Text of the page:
Journal Wrap | Detecting Underlying AF in Cryptogenic Stroke Patients

Although a leading cause of recurrent stroke, atrial fibrillation (AF) is often asymptomatic and likely to go untreated in the routine care of patients with stroke or transient ischemic attack (TIA). While earlier detection of AF through cardiac monitoring in these patients seems to have some value in preventing recurrent strokes, guidelines for stroke management do not endorse any specific strategies for detecting AF in patients with a new stroke. Recently, two studies in The New England Journal of Medicine investigated the potential benefit of prolonged cardiac monitoring in improving the detection and subsequent treatment of "covert" AF.


In the first report, the EMBRACE (30-Day Cardiac Event Monitor Belt for Recording Atrial Fibrillation after a Cerebral Ischemic Event) investigators compared electrocardiography (ECG) monitoring for 30 days with an event-triggered recorder (intervention group) to conventional 24-hour monitoring (control). The study randomized 572 patients without known AF who had experienced a cryptogenic ischemic stroke or TIA within the previous 6 months; 286 were included in the intervention group analysis and 277 in the control group (one patient withdrew immediately after randomization and no data were recorded). The primary outcome was detection clinically or via the study monitors of one or more episodes of ECG-documented AF or atrial flutter lasting ≥30 seconds within 90 days after randomization.

Prolonged noninvasive ambulatory ECG monitoring improved the detection of AF to a factor of more than five (TABLE):

  • The primary endpoint was detected in significantly higher rates of patients in the intervention group (16.1% vs. 3.2%; p < 0.001).
  • Episodes of AF lasting longer than 2.5 minutes (a secondary outcome) were seen in 28 patients (9.9%) in the intervention group and seven (2.5%) in the control group.

TABLE. EMBRACE:  Detection of AF in the Two Monitoring Groups

In another secondary outcome measure, intervention patients with prolonged monitoring were nearly twice as likely to be prescribed oral anticoagulant treatment at 90 days than controls (52 of 280 patients [18.6%] vs. 31 of 279 [11.1%]; p = 0.01).


In an analysis of the CRYSTAL-AF (Cryptogenic Stroke and Underlying AF) trial, Sanna et al. looked at the efficacy of a nontraditional monitoring technique using a smaller, insertable cardiac monitor or ICM (Reveal XT; Medtronic, Inc.) compared to conventional 24-hour monitoring for detecting subclinical, asymptomatic AF in stroke patients. This randomized, controlled study included 441 patients who had experienced a cryptogenic stroke within 90 days and had no evidence of AF in the 24 hours prior to randomization.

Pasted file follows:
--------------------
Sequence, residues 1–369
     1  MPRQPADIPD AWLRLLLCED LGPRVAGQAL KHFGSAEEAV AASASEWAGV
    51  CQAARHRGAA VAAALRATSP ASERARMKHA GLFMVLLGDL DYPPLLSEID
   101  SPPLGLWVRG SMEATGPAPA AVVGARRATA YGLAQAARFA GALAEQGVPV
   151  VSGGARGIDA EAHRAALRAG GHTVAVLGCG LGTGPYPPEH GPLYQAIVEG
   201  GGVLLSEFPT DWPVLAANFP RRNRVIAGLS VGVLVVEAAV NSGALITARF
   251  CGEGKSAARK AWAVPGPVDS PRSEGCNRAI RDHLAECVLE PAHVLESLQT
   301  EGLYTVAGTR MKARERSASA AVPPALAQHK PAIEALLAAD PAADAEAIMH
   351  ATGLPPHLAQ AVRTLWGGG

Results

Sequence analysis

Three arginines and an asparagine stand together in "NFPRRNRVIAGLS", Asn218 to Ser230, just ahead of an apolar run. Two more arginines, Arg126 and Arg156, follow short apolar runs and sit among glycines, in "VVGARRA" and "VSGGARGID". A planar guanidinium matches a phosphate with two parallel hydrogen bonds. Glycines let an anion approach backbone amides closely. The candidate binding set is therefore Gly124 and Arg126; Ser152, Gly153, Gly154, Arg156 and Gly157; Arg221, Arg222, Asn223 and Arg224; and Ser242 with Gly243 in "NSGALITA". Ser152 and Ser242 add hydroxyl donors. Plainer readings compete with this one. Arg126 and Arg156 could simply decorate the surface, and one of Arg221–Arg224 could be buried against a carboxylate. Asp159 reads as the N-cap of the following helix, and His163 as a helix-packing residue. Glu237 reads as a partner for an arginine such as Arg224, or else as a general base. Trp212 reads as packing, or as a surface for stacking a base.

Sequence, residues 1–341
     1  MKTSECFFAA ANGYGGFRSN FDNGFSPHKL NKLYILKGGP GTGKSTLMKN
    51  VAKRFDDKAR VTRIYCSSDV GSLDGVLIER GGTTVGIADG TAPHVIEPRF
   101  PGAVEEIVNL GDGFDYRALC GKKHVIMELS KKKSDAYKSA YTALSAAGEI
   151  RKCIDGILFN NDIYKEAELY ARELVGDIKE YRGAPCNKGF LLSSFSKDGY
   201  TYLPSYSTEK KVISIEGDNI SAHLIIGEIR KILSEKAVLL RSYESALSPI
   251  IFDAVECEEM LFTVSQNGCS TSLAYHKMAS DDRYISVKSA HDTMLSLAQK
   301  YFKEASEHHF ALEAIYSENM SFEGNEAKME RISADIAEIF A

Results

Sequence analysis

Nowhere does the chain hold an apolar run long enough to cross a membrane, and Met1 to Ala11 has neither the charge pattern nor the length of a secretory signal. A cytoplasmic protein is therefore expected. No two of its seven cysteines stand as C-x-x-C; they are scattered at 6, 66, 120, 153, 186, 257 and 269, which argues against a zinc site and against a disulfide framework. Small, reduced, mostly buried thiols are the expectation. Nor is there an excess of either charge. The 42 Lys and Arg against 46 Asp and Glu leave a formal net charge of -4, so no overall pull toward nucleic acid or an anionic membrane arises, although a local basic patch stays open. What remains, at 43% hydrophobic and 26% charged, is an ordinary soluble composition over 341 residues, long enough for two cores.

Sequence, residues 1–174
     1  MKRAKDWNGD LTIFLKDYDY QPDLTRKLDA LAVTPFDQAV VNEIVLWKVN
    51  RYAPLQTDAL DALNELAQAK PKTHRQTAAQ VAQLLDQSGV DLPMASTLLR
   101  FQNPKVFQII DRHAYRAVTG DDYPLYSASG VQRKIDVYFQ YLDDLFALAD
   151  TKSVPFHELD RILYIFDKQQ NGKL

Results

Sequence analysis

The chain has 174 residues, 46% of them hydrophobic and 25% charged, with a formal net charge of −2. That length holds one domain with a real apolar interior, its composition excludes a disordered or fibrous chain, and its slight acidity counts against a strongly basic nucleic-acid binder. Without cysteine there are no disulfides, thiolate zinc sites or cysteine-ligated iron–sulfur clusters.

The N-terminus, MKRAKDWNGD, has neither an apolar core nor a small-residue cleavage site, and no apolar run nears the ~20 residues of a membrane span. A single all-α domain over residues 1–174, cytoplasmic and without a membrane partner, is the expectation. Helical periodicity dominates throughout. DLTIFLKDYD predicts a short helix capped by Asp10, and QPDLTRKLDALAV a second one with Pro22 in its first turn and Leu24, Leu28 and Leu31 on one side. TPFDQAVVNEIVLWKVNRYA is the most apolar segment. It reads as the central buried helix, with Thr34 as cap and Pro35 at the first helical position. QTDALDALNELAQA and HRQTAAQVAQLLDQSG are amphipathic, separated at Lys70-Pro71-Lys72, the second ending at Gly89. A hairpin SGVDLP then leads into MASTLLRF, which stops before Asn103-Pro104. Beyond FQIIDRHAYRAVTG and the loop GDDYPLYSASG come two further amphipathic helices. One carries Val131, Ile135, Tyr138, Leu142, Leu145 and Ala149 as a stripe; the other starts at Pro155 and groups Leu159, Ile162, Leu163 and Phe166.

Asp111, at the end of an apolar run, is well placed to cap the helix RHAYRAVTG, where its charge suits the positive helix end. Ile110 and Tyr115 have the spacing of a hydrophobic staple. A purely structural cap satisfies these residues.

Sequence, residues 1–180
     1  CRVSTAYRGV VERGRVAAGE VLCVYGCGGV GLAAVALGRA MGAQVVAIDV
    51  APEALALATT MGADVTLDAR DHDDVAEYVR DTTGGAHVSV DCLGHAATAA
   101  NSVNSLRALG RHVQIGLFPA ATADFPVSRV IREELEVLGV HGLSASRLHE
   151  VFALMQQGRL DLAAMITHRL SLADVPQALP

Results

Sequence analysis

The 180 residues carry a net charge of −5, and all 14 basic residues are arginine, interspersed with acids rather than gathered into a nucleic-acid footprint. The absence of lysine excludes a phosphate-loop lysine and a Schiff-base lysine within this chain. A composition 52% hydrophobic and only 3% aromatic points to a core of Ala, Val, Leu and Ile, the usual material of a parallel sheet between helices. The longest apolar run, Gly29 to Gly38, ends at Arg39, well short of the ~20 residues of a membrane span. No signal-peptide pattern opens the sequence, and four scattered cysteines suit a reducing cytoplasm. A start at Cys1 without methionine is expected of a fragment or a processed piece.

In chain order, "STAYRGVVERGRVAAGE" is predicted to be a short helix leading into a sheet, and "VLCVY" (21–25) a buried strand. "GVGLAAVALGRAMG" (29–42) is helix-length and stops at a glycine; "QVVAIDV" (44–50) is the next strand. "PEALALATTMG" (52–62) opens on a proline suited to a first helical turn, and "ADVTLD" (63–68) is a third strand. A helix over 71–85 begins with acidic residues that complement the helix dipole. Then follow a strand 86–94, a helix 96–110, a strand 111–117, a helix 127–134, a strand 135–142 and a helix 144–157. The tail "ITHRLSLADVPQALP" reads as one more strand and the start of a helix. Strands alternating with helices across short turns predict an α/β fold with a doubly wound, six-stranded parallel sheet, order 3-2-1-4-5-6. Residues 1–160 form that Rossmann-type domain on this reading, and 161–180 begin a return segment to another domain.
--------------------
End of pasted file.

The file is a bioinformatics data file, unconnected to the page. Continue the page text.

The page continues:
By 6 months, AF had been detected in 19 (8.9%) patients in the ICM group versus three patients (1.4%) in the control group, translating to a more than 6-fold increase in AF detection in the longer-term monitoring group (HR = 6.4; 95% CI 1.9-21.7; p < 0.001). By 12 months, that difference had increased to 7.3 times greater: 29 patients (12.4%) in the ICM group and four (2.0%) in the control group (HR = 7.3; 95% CI 2.6-20.9; p < 0.001).

In an editorial accompanying both studies, Hooman Karmel, MD, posed the question as to why prolonged rhythm monitoring has not been adopted as a standard test in cryptogenic stroke patients. The answer: Unlike these two trials, most studies have lacked control groups, leaving it unclear whether monitoring actually improved diagnosis versus routine follow-up, and the fact that subclinical AF often becomes clinically apparent AF has hindered this progress. But, importantly, he adds, "the two randomized trials show that prolonged rhythm monitoring identifies atrial fibrillation that would not have otherwise declared itself."

Missing a diagnosis of AF after stroke can have significant consequences: "Even a few minutes of this subclinical form of atrial fibrillation increases the risk of stroke... and patients without recognized atrial fibrillation typically receive antiplatelet therapy after stroke; therefore, a failure to diagnose atrial fibrillation as the cause of stroke may result in suboptimal antithrombotic therapy." Given the weight of current evidence, including the studies headed by Drs. Gladstone and Sanna, prolonged cardiac rhythm monitoring to thoroughly rule out subclinical AF and inform subsequent therapy decisions may be a protocol whose time has come for guideline recognition.

Gladstone DJ, Spring M, Dorian P, et al. N Engl J Med. 2014;370:2467-77.
Karmel H. N Engl J Med. 2014;370:2532-3.
Sanna T, Diener H-C, Passman RS, et al. N Engl J Med. 2014;370:2478-86.

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